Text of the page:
Many people, especially religious people, believe that the brain and the mind are two separate entities. They’re philosophical dualists. Most religions espouse such an idea, and dualist beliefs are found in virtually all human cultures.
New research now demonstrates that espousing a dualist philosophy can have important real-life consequences. Across five related studies, researchers found that people primed with dualist beliefs had more reckless attitudes toward health and exercise, and also preferred (and ate) a less healthy diet than those who held more scientific physicalist beliefs (that the mind/body duality does not, in fact, exist).
Furthermore, they found that the relationship also worked in the other direction. People who were primed with unhealthy behaviors, such as pictures of unhealthy food, reported a stronger dualistic belief than participants who were primed with healthy behaviors.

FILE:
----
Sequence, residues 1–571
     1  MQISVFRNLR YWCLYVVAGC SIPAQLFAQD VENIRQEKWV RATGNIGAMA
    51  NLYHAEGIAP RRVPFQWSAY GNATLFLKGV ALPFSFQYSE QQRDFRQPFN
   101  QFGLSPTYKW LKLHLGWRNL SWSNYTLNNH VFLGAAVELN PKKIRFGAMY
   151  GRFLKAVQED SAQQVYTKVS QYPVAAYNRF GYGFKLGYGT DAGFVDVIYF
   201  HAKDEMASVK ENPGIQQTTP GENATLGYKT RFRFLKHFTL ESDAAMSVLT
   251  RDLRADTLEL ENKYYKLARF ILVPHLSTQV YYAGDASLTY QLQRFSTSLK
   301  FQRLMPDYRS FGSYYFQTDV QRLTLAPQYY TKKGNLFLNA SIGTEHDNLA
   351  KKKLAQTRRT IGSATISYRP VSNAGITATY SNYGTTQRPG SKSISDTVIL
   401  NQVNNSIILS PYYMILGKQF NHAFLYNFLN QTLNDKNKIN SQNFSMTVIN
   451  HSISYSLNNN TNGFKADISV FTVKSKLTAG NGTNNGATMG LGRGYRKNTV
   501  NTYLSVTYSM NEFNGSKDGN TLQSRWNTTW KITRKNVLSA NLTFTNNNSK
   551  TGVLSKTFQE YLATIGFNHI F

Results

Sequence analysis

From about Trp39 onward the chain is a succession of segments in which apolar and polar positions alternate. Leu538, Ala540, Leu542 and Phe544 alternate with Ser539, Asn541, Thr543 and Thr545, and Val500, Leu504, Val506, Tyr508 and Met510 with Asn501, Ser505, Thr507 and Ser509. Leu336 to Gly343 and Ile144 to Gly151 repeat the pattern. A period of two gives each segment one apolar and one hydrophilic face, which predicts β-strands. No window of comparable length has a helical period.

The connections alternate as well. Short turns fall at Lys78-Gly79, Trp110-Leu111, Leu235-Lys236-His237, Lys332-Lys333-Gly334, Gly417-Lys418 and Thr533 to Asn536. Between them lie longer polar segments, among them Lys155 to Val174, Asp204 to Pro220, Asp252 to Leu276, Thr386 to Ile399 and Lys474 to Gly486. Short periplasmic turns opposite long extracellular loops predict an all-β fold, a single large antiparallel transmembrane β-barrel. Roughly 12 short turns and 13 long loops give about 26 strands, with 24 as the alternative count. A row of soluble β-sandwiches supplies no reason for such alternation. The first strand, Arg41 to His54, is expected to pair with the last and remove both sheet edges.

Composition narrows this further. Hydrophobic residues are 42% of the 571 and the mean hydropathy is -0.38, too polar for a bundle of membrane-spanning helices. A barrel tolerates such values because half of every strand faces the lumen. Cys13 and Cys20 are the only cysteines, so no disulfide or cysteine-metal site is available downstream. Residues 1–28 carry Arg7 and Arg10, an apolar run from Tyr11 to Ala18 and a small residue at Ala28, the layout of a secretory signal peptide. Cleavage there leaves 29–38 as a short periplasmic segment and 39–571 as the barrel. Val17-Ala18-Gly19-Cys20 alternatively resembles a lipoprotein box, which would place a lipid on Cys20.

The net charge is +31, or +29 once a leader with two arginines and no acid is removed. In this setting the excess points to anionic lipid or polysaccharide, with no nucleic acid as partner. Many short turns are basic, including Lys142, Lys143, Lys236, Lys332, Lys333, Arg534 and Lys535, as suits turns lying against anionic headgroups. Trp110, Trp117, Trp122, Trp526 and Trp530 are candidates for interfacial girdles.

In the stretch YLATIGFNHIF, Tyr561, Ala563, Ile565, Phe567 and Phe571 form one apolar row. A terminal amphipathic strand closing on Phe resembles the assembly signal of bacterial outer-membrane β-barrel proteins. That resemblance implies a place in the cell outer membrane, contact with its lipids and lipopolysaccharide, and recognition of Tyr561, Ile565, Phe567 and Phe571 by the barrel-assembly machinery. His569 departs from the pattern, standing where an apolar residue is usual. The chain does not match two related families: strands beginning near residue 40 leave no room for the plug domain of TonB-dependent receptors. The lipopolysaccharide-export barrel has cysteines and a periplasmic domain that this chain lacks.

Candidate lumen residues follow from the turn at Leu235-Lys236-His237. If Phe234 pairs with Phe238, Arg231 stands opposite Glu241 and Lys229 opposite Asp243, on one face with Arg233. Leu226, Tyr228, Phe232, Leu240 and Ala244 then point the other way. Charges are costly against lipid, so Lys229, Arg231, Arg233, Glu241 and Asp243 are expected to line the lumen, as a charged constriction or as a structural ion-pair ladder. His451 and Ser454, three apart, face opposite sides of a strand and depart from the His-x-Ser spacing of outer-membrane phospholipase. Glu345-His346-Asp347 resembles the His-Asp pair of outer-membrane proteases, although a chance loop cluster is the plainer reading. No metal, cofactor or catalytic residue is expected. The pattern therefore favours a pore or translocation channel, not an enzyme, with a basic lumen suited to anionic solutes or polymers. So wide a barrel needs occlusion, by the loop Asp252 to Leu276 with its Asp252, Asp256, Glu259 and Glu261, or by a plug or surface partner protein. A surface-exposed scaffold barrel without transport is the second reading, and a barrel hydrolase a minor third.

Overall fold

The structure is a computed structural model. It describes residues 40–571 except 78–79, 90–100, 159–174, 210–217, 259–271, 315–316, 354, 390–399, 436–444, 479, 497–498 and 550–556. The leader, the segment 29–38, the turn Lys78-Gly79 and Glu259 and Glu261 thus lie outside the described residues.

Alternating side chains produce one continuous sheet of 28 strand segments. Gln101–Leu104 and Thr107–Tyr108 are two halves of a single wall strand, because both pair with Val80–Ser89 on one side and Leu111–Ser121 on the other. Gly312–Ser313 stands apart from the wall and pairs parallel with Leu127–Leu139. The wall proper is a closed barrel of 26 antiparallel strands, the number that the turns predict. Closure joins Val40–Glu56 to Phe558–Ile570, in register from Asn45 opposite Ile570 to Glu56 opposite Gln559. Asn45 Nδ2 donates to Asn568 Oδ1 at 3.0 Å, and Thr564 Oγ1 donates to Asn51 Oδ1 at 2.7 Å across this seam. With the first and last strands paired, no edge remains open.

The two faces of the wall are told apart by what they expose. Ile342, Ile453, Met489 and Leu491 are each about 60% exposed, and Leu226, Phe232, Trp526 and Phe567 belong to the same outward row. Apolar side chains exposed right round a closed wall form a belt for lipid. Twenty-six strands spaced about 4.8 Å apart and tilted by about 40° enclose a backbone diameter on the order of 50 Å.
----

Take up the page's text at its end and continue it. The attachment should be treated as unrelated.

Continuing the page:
Overall, the findings from the five studies provide converging evidence demonstrating that mind-body dualistic beliefs decrease the likelihood of engaging in healthy behaviors — the more people perceive their minds and bodies to be distinct entities, the less likely they will be to engage in behaviors that protect their bodies because they view their bodies as being a disposable vessel that merely helps the mind interact with the physical world.